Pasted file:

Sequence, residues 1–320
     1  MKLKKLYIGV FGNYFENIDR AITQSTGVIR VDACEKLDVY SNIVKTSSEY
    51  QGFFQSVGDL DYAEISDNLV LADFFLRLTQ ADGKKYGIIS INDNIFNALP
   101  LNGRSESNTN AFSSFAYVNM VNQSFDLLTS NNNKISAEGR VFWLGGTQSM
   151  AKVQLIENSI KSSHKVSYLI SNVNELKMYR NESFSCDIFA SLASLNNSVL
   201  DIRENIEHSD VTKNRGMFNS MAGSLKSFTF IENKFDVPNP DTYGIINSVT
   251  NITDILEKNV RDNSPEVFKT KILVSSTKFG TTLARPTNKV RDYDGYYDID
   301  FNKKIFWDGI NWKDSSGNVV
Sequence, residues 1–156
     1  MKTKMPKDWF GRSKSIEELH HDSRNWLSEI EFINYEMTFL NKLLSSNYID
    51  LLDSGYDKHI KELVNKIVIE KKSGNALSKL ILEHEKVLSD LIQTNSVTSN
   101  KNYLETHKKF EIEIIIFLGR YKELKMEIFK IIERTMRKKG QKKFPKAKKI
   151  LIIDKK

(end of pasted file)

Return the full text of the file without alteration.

Sequence, residues 1–320
     1  MKLKKLYIGV FGNYFENIDR AITQSTGVIR VDACEKLDVY SNIVKTSSEY
    51  QGFFQSVGDL DYAEISDNLV LADFFLRLTQ ADGKKYGIIS INDNIFNALP
   101  LNGRSESNTN AFSSFAYVNM VNQSFDLLTS NNNKISAEGR VFWLGGTQSM
   151  AKVQLIENSI KSSHKVSYLI SNVNELKMYR NESFSCDIFA SLASLNNSVL
   201  DIRENIEHSD VTKNRGMFNS MAGSLKSFTF IENKFDVPNP DTYGIINSVT
   251  NITDILEKNV RDNSPEVFKT KILVSSTKFG TTLARPTNKV RDYDGYYDID
   301  FNKKIFWDGI NWKDSSGNVV
Sequence, residues 1–156
     1  MKTKMPKDWF GRSKSIEELH HDSRNWLSEI EFINYEMTFL NKLLSSNYID
    51  LLDSGYDKHI KELVNKIVIE KKSGNALSKL ILEHEKVLSD LIQTNSVTSN
   101  KNYLETHKKF EIEIIIFLGR YKELKMEIFK IIERTMRKKG QKKFPKAKKI
   151  LIIDKK